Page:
The festivities are over but the chilly weather is still here, so what better excuse for buying something that will make you feel nice and warm on the inside? However, don't just automatically give in to the urge because you may just find that your caffeine levels skyrocket during the winter months. To help keep them down, here are some caffeine-free alternatives to fill your flask with.
It may sound like something exotic in the Western hemisphere but this roasted barley tea is a staple across Korea (bori cha), China (damai cha) and Japan (mugicha). If you've become accustomed to your coffee-chain vanilla lattes or frothy cappuccinos, this may be something of an adjustment for your taste buds, as it has a slightly bitter, nutty taste. The upside is that this drink allegedly has antibacterial and antioxidant properties. It can be bought in Asian food shops or you can make your own following this simple recipe http://www.mijorecipes.com/roasted-barley-tea-chinese-recipes/
Sticking with East Asia, this roasted corn tea is a popular hot drink in Korea that is naturally caffeine free. The roasted kernels of corn are boiled in water and the resulting drink is gluten free and naturally sweet, a real bonus if you are trying to cut down on your sugar intake too. It's also a good alternative if you find bori cha too bitter.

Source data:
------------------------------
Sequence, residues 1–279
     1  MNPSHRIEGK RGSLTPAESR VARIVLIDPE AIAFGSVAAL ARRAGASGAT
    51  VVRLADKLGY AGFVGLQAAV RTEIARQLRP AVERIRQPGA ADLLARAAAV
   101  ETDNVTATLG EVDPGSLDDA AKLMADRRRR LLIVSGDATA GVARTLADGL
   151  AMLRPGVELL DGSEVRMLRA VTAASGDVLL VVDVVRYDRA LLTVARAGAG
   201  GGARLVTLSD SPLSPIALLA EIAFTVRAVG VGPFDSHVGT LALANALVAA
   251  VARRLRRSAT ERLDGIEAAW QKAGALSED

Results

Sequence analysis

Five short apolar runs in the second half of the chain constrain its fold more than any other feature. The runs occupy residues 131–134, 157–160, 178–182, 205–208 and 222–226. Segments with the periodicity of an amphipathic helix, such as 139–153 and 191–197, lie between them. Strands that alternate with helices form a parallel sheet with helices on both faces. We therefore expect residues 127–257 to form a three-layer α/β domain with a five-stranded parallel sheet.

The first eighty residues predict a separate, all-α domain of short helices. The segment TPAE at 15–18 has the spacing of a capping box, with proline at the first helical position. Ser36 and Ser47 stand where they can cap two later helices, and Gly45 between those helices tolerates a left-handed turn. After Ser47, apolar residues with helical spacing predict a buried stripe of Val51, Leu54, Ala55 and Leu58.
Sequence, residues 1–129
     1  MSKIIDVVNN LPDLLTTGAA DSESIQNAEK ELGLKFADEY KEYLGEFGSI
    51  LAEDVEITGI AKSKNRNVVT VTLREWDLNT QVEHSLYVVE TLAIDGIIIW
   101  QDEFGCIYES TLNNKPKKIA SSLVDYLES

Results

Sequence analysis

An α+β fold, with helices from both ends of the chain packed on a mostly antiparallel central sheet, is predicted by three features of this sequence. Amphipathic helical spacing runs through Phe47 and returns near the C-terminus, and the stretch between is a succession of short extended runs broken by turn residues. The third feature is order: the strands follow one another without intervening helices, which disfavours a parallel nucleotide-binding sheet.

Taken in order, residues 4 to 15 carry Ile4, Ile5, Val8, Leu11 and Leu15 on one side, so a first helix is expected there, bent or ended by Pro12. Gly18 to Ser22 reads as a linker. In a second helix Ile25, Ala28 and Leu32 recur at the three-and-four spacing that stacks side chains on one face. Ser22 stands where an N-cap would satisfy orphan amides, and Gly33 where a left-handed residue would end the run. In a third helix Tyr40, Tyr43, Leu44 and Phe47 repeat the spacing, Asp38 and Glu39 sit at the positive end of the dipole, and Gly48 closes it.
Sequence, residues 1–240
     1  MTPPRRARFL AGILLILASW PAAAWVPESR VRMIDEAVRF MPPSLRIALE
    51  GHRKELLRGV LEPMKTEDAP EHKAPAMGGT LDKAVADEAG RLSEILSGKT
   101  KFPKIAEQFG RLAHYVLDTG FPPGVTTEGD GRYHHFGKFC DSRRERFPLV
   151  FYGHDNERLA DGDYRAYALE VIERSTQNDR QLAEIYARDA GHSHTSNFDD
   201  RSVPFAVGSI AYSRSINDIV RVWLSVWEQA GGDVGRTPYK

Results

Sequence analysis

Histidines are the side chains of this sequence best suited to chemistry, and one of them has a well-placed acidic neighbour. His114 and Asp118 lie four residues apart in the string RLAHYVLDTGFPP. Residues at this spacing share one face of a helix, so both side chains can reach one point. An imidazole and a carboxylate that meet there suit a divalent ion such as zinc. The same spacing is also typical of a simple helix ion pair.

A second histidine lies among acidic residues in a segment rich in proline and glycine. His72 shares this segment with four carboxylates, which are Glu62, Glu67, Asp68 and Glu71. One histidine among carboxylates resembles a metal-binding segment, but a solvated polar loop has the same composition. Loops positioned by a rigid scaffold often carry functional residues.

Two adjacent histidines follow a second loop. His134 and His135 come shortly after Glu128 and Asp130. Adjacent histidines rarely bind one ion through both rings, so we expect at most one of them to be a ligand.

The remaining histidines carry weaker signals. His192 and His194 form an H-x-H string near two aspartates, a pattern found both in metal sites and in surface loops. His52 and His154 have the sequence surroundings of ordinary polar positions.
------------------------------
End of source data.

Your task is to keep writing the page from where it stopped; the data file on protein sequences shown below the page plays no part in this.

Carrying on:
Lemon balm tea
Lemon balm belongs to the same plant family as mint and, in addition to being caffeine-free, has traditionally been used for its calming properties, aiding ailments such as digestion, upset stomachs, menstrual pain, anxiety and sleep problems. If you're feeling bloated after all that Christmas indulgence, then why not reach for a cup.
Nothing beats a cup of hot ginger when you have the chills and a runny nose, and it couldn't be simpler to make. Slice up some pieces of ginger and boil them in hot water. If you like your drinks sweet, add some honey and a touch of lemon, or for an even fuller flavour throw in some star anise and cardamom. Here's a simple recipe if you're not sure how.
Pumpkin spice drink
This one has a few more ingredients but it's easy to make if you have a blender to hand. The main ingredient is pumpkin puree (see how to make it here if your local supermarket doesn't stock it). The cream and sugar certainly make this a full-bodied drink and on the less healthy end of the spectrum, but it can hit the right note if you're craving the richness of your usual cup of coffee. Check out this recipe here